That shaky feeling you sometimes get when you find yourself needing a snack right now? That might be a sign of low blood sugar, a common issue for people with diabetes.
During digestion, sugars get broken down and released into the bloodstream for the body to either use for immediate energy or to store for later. These sugars, known as glucose, fuel the body, especially the brain.
And while everyone’s blood sugar fluctuates, it’s important to prevent both ‘high highs,’ and yes, ‘low lows.’
Many people with diabetes have occasional bouts of low blood glucose, also referred to as ‘hypoglycemia.’ But if your blood glucose levels are dropping a lot, it’s important to understand the root causes and management strategies.
What Are Normal Blood Glucose Levels?
Maintaining normal blood glucose levels not only helps support your energy and mood throughout the day, but also helps prevent serious health problems down the road. You’ll find that values are lowest first thing in the morning since you haven’t eaten in many hours.
For people without diabetes, a normal glucose level after fasting overnight is around 99 mg/dL or less. Throughout the day, after eating, a normal blood sugar reading would be below 140 mg/dL.
For those with diabetes, targets are generally 80-130 mg/dL before a meal and below 180 mg/dL 1 to 2 hours after eating.
But how low is too low? You’re considered hypoglycemic if your glucose dips to 70 mg/dL or less. And if your blood glucose levels fall below 54 mg/dL, that’s considered severe hypoglycemia.
These can be dangerous conditions if left untreated, so be sure to talk with your health care team and make sure you have a treatment plan in place.
Top 8 Causes of Low Blood Glucose Levels
Here are some of the most common reasons behind drops in blood sugar:
- Taking too much or the wrong type of insulin or other diabetes medications
- Taking insulin at the wrong time based on how quickly your meal or snack is absorbed
- Not eating enough carbohydrates
- Skipping meals
- Drinking too much alcohol
- Exercising more than usual
- Fasting for a medical procedure, religious purposes, or other reasons
- Being sick (especially nausea or vomiting that affects food intake)
How Do I Know if I’m Too Low?
The only way to be certain you have low blood glucose is to test it. But there are some common tell-tale signs. Just remember, everyone’s body reacts differently to hypoglycemia – your symptoms might be different from your spouse’s, friend’s or neighbor’s. Listening to and understanding your body’s signals is key.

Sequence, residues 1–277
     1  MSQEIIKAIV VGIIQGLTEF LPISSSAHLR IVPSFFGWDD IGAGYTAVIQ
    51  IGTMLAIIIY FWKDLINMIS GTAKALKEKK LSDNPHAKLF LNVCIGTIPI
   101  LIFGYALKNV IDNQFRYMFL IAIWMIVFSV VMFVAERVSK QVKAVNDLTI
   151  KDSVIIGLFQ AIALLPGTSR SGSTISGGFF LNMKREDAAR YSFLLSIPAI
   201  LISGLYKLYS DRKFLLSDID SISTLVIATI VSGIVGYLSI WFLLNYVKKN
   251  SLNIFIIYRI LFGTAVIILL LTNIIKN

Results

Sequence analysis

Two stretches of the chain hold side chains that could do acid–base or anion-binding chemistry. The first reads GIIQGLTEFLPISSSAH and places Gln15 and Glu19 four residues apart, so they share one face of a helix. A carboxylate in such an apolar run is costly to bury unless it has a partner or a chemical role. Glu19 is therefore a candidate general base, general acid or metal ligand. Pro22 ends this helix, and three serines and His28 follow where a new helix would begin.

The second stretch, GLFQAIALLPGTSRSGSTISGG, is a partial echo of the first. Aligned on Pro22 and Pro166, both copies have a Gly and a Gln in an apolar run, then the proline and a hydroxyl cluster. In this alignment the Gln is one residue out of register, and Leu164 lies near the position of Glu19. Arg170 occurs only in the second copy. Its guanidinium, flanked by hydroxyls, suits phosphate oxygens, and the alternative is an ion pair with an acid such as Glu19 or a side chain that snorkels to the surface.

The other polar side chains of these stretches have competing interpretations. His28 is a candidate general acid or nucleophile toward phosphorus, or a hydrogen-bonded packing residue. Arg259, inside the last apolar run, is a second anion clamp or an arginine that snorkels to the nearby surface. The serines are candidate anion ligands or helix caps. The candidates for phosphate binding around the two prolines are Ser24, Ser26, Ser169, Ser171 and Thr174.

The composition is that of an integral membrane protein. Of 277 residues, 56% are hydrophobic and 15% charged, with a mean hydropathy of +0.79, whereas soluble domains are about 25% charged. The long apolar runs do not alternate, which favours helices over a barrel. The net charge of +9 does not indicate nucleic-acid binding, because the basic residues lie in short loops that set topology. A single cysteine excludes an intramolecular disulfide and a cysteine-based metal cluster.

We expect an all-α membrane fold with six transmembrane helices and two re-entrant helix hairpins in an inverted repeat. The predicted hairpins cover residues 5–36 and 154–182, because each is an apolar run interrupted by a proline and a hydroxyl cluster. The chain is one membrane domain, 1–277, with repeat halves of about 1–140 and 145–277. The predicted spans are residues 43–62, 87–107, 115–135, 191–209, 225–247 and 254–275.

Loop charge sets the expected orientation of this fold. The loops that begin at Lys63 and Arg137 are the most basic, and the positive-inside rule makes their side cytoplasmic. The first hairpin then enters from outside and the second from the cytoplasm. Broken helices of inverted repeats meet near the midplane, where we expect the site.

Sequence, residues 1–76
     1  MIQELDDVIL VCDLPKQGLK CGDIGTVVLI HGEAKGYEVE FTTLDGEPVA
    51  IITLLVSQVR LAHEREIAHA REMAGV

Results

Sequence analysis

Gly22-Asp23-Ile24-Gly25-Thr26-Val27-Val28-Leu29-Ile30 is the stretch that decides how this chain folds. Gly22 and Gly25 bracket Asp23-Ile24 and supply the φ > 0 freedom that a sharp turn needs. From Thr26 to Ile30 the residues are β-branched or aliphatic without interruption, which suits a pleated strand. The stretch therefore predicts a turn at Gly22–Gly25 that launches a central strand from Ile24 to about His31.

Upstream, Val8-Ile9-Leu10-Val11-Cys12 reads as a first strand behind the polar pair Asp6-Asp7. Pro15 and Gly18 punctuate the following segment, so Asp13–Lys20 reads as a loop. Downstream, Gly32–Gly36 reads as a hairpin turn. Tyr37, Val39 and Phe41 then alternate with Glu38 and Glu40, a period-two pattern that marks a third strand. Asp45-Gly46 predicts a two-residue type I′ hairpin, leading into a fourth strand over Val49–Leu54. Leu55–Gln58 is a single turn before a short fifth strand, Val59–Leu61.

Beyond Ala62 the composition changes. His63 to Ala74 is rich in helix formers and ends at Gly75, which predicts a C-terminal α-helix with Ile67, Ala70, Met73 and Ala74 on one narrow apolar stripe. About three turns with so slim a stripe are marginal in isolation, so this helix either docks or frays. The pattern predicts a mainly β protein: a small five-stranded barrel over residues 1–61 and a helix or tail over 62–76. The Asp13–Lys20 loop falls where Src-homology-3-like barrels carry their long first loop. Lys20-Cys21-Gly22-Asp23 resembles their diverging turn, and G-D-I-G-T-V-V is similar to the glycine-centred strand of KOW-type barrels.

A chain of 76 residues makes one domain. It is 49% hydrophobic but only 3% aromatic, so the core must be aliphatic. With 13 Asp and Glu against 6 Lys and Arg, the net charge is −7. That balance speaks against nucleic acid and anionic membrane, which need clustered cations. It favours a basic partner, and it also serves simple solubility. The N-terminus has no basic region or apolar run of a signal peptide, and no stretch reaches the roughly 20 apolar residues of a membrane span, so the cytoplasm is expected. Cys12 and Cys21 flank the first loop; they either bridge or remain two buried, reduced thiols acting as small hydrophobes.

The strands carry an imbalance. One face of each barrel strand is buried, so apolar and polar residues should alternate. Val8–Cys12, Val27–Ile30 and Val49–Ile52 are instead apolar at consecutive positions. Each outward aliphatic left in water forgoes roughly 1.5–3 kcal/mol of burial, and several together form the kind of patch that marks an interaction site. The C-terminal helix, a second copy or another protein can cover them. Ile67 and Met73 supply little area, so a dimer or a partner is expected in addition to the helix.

Some common signs of low blood sugar include:
- Feeling shaky in the hands or throughout your body
- Becoming clammy or sweaty
- Being nervous, anxious, irritable or impatient
- Feeling confused, lightheaded or dizzy
- Quickening heartbeat
- Feeling hungry
Severe hypoglycemia can lead to more serious symptoms, like:
- Difficulty walking or seeing clearly
- Confusion and strange behavior
Knowing your body’s warning signs, and what to do if you feel your blood sugar dipping, will help you maintain normal glucose levels throughout the day. It’s also good to have a few go-to moves in your back pocket if you find yourself slipping.
Go-To Tips for Blood Glucose Management
Follow the 15-15 rule: If you have low blood sugar, start by having 15 grams of carbohydrates. You want something quick-acting, like a glucose tablet, ½ cup (4 oz.) of fruit juice, 1 tablespoon of sugar or honey, or some gumdrops or candy. Then, wait 15 minutes. Test your blood glucose levels if you can. If they haven’t returned to normal, do another 15-15 cycle until you’re back to where you need to be.
Think “Clockwork”: You know the expression, slow and steady wins the race? The same principle applies when it comes to maintaining normal glucose levels. You want to eat meals at regular intervals, spaced out evenly throughout the day. Steady energy throughout the day, plus eating fiber and protein along with carbohydrates, helps stabilize blood glucose and prevents those peaks and dips. And of course, never skip a meal!
Eat Before You Zzz: If you’ve been especially active during the day, you might get the dreaded nighttime lows. Low blood glucose overnight is common, but also very preventable. Allow yourself a pre-slumber snack to promote normal blood sugar throughout the night.
Get Help: Not sure which foods are best for normal blood glucose?
Reach out to your healthcare provider or make an appointment with a registered dietitian to help take the guesswork out of what and when to eat.
There are plenty of meal planning resources online, but it’s always best to meet with someone who can work with your own unique needs and favorite foods. You never know – you might discover your next favorite food based on their recommendations!
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